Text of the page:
So the next statistic, the fifth one is $250,000. So that's the personal gain exemption. If you own a home and then you want to sell it 10 years later, or 13 years later, or 15 years later, the IRS gives you an exemption. If you've lived in that house, and it's been your home, your personal residence, you've lived there for two of the last five years, say you had a 250,000 or gain. You don't pay tax on it. It's an exemption. And if you're married, you can, the two of you put it together and it's $500,000. Let that sink in. You have a gain of $500,000. The IRS code says that you cannot pay tax on it, and you can use your proceeds from that sale and invest in the next home that you live in and do it again. And you can do it at an unlimited number of times. Incredible.
So these are amazing, incredible statistics that are non-obvious. If you don't know that, think about that. If you own, if you make a $50,000 salary and every single time you get a check, you're paying taxes, you're paying FICA tax, you're paying other tax, you're paying the income tax. So it could be 20 to 30%, depending on all those things and your taxed by could even be up to 40%, every time it's reportable, you pay it. So when you buy a home and sell it, you choose when you sell it. And then when you do sell it, it's not taxed incredible. If you don't know that there's some incredible housing literacy.
So the next number, the sixth one is that is $225,000. And what is that? That's the amount gen Z. The new, the latest generation will pay renting for about 12 years before they buy a home. And this is going back one of the first ones, the age 33, right? By renting for a decade, so they may lose the opportunity for appreciation for a decade, if they put that decision off, plus they might lose 25 to $50,000 of tax savings getting to deduct their mortgage and their payment versus just throwing money out the window with renting. So if you take decade, that first decade in your twenties, the youngest decade there, or it could be 30 to 40, just a decade of renting or even two decades, and you were owning and getting the appreciation and having the tax benefits. And you invested that and earn 5%, that could be a million dollars 40 years later. So just let that sink in. That 225,000 you're paying in rent could be earning you appreciation and increase in value.
So, the last one, this is the one I want to sear in your minds as very interesting, fascinating non-obvious real estate statistic that will help you know yourself, is that 40 is the number. Forty is the last one. What is 40? Forty from the federal reserve indicates that it's the person who owns versus renting after a long period of time, their net worth is 40 times more than a person who just rented their whole life. Know yourself, if you're in your twenties and you're not, you're not buying and you rent your whole life. That's okay, but just know that your net worth will, and the numbers exactly are, you'll have a net worth of $6,000 give or take versus about $250,000.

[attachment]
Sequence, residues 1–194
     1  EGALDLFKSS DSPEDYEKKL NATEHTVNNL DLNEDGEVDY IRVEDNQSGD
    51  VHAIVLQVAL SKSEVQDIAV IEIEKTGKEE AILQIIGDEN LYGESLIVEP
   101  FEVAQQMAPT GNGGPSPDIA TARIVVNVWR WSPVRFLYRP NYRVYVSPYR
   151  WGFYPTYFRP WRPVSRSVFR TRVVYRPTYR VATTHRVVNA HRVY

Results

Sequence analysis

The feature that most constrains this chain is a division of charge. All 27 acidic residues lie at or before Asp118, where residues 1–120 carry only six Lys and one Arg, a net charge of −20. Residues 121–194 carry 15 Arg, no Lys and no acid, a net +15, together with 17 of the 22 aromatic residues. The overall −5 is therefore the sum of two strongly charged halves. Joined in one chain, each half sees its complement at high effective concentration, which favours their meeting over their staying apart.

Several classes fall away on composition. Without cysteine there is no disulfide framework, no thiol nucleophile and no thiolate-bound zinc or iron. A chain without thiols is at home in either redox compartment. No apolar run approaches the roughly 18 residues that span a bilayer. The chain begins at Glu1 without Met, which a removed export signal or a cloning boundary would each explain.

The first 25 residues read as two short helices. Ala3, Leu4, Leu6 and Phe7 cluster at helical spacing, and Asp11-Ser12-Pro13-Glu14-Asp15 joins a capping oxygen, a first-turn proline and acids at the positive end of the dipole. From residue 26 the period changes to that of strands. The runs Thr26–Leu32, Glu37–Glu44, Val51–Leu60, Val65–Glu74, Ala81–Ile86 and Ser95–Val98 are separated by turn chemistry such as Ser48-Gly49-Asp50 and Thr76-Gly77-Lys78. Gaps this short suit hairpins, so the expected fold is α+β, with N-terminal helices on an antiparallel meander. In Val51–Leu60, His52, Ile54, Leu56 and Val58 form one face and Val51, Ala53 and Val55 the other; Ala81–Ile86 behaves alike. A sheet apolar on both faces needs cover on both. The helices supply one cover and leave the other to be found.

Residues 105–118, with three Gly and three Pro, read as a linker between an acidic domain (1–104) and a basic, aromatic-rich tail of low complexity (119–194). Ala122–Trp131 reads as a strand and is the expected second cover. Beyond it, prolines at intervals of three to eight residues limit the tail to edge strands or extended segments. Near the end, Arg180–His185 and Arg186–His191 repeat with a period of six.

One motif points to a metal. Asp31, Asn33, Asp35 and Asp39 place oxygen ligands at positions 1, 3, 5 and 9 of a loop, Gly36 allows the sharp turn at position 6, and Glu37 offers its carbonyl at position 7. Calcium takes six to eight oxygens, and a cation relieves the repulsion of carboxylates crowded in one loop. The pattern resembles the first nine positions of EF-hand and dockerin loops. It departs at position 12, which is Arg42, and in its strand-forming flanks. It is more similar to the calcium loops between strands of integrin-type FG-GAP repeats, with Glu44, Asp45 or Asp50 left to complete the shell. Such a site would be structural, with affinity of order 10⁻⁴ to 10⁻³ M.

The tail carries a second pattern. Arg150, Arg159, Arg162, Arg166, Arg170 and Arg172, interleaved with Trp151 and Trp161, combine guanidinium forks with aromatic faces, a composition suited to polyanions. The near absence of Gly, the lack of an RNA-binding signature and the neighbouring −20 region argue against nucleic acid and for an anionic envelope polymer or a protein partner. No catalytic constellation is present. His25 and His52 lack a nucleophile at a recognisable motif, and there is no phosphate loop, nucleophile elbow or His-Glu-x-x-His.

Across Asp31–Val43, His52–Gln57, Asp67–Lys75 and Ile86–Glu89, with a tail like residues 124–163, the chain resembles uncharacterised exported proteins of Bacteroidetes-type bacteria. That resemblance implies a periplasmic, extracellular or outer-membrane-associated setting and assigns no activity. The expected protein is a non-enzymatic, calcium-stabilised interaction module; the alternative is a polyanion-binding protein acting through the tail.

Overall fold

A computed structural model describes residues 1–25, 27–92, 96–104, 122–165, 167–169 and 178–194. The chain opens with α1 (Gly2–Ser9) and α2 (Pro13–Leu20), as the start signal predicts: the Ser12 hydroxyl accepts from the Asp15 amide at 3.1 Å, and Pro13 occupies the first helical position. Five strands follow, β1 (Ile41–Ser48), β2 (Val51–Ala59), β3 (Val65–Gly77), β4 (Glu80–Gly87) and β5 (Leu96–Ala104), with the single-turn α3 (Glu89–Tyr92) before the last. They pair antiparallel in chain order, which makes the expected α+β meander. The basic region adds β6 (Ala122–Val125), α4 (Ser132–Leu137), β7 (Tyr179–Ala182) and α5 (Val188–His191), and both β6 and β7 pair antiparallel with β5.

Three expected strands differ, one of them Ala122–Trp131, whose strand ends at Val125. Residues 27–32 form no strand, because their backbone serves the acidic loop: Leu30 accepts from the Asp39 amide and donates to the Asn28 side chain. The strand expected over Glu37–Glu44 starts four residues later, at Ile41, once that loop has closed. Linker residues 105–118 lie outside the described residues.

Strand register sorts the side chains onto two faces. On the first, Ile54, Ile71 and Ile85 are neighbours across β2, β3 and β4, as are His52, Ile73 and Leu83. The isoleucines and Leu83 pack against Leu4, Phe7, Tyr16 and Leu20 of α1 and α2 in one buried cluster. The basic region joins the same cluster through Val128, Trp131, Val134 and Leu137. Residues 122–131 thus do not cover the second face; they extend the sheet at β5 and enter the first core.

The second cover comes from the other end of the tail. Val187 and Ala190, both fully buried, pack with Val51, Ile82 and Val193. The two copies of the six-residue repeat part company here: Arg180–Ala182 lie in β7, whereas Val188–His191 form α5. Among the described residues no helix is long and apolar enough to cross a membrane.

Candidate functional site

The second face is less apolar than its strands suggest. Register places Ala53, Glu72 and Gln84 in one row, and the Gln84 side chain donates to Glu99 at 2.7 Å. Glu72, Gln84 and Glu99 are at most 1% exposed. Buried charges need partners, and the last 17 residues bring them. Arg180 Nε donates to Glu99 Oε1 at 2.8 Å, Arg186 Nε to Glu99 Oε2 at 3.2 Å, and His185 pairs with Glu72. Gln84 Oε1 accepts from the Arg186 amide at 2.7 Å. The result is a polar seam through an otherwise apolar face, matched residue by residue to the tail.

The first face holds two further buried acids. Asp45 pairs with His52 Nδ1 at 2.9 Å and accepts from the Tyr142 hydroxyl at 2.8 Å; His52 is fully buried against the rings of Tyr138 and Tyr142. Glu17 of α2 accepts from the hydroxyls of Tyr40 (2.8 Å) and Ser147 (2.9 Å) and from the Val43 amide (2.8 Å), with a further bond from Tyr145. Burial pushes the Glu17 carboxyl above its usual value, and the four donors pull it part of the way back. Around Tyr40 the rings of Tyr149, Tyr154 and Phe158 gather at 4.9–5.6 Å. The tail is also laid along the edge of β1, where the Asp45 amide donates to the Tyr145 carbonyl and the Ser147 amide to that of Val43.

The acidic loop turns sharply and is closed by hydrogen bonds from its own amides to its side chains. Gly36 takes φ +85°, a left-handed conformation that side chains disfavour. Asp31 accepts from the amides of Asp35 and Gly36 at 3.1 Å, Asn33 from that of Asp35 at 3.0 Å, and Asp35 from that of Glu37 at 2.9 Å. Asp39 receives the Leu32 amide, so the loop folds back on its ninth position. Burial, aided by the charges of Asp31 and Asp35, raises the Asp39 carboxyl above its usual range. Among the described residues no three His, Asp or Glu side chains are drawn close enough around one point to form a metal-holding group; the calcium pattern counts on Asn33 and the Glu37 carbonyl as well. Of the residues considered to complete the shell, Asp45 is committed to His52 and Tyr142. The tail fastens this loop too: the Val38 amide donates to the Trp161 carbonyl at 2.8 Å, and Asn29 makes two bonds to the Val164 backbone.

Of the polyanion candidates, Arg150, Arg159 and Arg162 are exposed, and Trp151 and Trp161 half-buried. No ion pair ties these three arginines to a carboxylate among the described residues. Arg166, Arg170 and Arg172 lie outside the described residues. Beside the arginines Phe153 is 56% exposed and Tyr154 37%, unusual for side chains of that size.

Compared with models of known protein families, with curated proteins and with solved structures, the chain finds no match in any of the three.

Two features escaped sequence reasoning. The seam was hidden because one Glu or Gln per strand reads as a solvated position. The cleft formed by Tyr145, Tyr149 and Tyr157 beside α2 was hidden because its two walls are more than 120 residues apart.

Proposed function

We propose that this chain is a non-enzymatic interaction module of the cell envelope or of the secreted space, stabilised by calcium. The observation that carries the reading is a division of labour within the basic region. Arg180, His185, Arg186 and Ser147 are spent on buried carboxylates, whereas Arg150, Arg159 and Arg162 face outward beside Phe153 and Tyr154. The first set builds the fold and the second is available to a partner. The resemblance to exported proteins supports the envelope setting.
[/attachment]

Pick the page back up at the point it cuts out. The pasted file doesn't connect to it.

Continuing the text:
Remember, from the last time we said, the average net worth of American is around a hundred thousand dollars at the end of their life. If you rent or buy versus renting, you could get to 250 like that; two and a half times average. If you rent earlier, because we always talk about the opportunity to buy, but we really love the idea of buying as early as possible for as long as possible. So if you didn't skip that decade, if you bought in your early twenties versus your early thirties, you could have another million dollars if you invested the money that you've your homes appreciated and save you taxes, staggering numbers. So 40 is the big one of all here saying that the net worth of an owner is 40 times that of a renter.
So, self-knowledge is the beginning of all wisdom, as Aristotle says, knowing where we are in our lives. And that knowing that the decisions we make today can help create resources tomorrow or down the road, so that we can be the best version of ourselves, whole and complete using these seven different statistics from last time and this time. And we can empower our biggest dreams if we do that.
So, glad you're here. My name is Matt Guarino, I'm the founder of Powerful Homes. My cell phone, if you have any questions or comments is (303) 885-1644. I would love to hear from you, subscribe to our channels. If you're interested, we'd love to have you do that and if you have any comments, feedback maybe some non-obvious statistics that you would love to share. I'd love to hear them. So again, so glad you're here. If you're here for the first time, welcome and look forward to seeing you next time.
Thank you for listening to another episode of the housing literacy podcast. Don't forget to like comment and hit that subscribe button and stay connected with Matt Guarino by visiting www.powerfulhomes.org.